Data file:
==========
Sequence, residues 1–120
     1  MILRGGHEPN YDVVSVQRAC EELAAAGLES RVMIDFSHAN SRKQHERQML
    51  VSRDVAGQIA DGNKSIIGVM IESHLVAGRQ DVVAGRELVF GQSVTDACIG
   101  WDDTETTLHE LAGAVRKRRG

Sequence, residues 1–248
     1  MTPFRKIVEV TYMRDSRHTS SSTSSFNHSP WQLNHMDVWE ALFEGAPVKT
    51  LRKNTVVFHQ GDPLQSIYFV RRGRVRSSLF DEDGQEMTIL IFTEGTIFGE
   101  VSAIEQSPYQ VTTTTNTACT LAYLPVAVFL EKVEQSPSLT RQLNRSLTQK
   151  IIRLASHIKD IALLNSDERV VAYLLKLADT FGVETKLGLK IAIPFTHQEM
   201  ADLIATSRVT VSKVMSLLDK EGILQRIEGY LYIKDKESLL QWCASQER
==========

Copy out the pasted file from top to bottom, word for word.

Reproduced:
Sequence, residues 1–120
     1  MILRGGHEPN YDVVSVQRAC EELAAAGLES RVMIDFSHAN SRKQHERQML
    51  VSRDVAGQIA DGNKSIIGVM IESHLVAGRQ DVVAGRELVF GQSVTDACIG
   101  WDDTETTLHE LAGAVRKRRG

Sequence, residues 1–248
     1  MTPFRKIVEV TYMRDSRHTS SSTSSFNHSP WQLNHMDVWE ALFEGAPVKT
    51  LRKNTVVFHQ GDPLQSIYFV RRGRVRSSLF DEDGQEMTIL IFTEGTIFGE
   101  VSAIEQSPYQ VTTTTNTACT LAYLPVAVFL EKVEQSPSLT RQLNRSLTQK
   151  IIRLASHIKD IALLNSDERV VAYLLKLADT FGVETKLGLK IAIPFTHQEM
   201  ADLIATSRVT VSKVMSLLDK EGILQRIEGY LYIKDKESLL QWCASQER